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Choose the Halloween treat instead of the trick

Halloween candy

As parents, it’s difficult to set limits on how much candy our children eat when they come home from trick-or-treating with literally a bucket full of chocolate, licorice and lollipops.

Yet we all know it’s important to manage our kids’ sugar consumption, both for their health and to avoid the meltdowns that follow when young children crash after a sugar rush.

However, parents can relax knowing that a night of eating Halloween candy by the handful won’t impact our kids’ overall wellness, says Nicole Tramp, a registered dietitian and Iowa State University dietitian internship instructor.

“It’s really not this one day that’s affecting their health. It’s what you do for the balance in their diet for the long run that’s what really affects their health,” says Tramp, who is a mom of a 3-year-old son and is expecting her second child later this fall.

Big food holidays like Halloween can provide an opportunity for parents to teach kids how to develop healthy eating habits for a lifetime, she says.

“Try not to make it a control issue, because that’s what is going to feed into their desire to eat more, if they know it’s forbidden,” Tramp says. “We want to help set them up for success as an adult too.”

Make sure kids eat a healthy meal or snack before, and possibly after, heading out to trick-or-treat, Tramp says. If their tummies are full, and they aren’t physically hungry, then kids might not want to eat as much candy, she explains.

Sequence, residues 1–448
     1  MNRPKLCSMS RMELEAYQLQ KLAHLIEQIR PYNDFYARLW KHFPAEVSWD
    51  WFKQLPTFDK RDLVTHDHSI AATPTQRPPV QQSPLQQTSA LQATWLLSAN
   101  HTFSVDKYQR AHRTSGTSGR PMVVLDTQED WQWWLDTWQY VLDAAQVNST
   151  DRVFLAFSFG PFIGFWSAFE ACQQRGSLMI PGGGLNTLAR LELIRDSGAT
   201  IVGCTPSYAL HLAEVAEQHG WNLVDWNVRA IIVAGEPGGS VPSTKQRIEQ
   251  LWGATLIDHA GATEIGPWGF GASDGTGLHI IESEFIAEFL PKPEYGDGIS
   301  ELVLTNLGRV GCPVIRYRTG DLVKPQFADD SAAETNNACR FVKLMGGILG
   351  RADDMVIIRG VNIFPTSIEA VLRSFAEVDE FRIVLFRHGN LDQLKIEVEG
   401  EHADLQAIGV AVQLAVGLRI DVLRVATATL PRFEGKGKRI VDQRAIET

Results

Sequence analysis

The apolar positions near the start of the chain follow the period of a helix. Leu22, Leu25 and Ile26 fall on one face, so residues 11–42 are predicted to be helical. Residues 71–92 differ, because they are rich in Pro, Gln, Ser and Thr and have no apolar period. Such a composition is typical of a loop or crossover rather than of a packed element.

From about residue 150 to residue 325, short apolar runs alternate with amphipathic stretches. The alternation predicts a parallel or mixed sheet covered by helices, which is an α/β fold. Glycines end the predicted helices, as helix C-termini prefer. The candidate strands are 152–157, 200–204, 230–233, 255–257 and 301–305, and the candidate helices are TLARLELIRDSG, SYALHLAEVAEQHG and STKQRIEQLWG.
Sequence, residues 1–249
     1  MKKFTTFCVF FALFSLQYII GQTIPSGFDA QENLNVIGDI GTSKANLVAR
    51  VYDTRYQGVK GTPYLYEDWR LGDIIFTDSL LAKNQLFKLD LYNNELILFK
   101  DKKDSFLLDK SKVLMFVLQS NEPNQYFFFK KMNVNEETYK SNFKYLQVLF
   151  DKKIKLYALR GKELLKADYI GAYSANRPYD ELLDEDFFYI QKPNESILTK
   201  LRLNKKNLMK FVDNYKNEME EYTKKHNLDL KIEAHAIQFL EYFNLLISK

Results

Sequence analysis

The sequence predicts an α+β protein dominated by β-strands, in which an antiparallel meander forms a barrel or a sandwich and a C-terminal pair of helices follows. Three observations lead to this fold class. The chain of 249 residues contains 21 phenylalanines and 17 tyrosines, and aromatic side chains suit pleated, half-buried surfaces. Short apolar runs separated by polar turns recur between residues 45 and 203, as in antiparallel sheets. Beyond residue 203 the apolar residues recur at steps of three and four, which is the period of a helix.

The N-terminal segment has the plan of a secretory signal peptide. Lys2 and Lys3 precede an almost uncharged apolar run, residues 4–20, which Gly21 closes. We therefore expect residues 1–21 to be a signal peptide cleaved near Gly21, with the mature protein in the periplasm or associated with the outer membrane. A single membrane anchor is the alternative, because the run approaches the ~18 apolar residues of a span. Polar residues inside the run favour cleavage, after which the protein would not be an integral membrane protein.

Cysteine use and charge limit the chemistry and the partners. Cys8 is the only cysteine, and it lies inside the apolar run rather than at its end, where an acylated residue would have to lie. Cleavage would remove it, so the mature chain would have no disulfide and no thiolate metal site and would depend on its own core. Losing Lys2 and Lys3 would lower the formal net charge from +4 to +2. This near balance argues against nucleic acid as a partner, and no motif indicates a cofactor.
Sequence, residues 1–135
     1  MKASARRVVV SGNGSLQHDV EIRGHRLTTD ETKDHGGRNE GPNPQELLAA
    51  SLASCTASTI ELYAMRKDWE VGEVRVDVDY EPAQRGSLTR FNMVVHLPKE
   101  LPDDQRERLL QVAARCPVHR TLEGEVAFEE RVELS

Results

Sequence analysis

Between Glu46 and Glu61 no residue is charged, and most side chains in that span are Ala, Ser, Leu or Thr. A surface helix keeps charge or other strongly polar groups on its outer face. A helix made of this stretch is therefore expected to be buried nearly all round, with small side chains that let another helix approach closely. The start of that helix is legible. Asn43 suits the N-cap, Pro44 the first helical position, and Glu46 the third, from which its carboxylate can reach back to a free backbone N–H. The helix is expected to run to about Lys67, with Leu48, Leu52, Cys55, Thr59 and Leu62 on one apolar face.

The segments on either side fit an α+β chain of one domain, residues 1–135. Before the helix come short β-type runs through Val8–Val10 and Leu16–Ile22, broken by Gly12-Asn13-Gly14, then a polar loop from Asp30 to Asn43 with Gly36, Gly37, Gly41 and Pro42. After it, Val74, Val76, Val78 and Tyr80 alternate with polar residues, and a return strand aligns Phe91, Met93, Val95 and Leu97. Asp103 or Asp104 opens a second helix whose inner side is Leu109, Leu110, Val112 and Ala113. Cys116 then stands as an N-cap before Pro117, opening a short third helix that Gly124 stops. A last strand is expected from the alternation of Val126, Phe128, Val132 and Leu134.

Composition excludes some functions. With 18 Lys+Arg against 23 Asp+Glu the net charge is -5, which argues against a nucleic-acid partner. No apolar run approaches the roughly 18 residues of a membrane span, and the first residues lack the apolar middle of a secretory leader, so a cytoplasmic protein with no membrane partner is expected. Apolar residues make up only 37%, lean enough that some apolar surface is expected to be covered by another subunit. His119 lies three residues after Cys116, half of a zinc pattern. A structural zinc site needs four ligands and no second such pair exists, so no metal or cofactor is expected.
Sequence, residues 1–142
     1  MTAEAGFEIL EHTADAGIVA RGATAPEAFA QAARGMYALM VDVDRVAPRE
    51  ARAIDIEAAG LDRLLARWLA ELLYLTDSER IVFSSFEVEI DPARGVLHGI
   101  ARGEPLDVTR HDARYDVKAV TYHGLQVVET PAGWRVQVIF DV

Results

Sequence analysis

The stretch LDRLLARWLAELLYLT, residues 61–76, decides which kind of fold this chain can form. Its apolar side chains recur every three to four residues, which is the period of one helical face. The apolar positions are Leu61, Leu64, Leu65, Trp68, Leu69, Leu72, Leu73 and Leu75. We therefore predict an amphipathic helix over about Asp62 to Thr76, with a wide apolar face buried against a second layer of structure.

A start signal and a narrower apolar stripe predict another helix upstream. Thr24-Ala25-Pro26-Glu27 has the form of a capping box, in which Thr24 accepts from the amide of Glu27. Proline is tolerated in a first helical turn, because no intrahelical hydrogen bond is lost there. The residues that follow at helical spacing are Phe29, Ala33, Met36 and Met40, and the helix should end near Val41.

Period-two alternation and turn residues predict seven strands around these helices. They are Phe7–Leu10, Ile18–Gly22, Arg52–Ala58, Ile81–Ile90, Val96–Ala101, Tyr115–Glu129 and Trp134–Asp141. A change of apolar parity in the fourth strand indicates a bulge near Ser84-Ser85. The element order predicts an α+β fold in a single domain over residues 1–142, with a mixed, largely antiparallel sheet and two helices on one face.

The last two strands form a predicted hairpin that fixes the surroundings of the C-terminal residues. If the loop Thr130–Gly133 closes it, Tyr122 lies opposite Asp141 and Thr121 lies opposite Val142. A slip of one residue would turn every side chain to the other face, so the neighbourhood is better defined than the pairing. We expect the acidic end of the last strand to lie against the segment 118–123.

If you are handing out treats, think about what you want leftover at your house. “It’s OK to run out of candy. Just turn off the lights when you are out,” Tramp says. “Because a lot of times, we feel like we need to buy four extra bags just to make sure. But if you are out (of candy), you are out. It helps eliminate the extra temptation for the entire family, not just the kids.”

If you are bringing treats to a Halloween party, look for ways to make healthy foods look spooky. You can find tons of ideas on Pinterest on how to make apples into bat shapes or grapes that look like eyeballs. But don’t feel like everything at the party needs to be healthy. “You can also have some treats too. That’s just a healthy Halloween party,” Tramp says.

Inspect the candy when kids get home from trick-or-treating to ensure they are safe. Also, avoid homemade treats, because you don’t know if they were made in a food-safe way, Tramp says.

When you get home, have your kids separate out their favorite treats and set aside the rest. “They might forget about the ones they didn’t really care for, and that can be a way to cut down on the total amount they eat over time ... Because if you’re not really enjoying it, then what’s the point,” Tramp says.

After Halloween is over, serve leftover Halloween candy alongside a healthy meal or snack. “If everybody is eating candy together, it’s not a big deal. It’s just part of the holiday,” Tramp says.

As for everyday eating, parents should aim to provide kids with a balanced diet, Tramp says. When serving a meal or snack, offer a high-protein food — such as meat, dairy, eggs or nuts — and not just carbs. So pair cheese with crackers and apples, hummus and cucumbers, or milk with a peanut butter sandwich.

“Protein, fat and fiber are what will help our children feel full and satisfied and keep their energy levels a bit more stable,” Tramp says. “And that goes for all of us, not just kids.”

Remember, every kid is different. One child might want to eat all the Halloween candy at once, and another might want to snack on a few now and then. Again, one day isn’t a big deal; it’s what you feed your kids every single day that makes the difference, Tramp says.

“A lot of parents struggle with all sorts of things, and we are all trying different strategies to see what works best for our child. But it’s hard,” she says.

“They will make mistakes, and we will make mistakes. But just on a regular daily basis, that’s where we have the most impact.”

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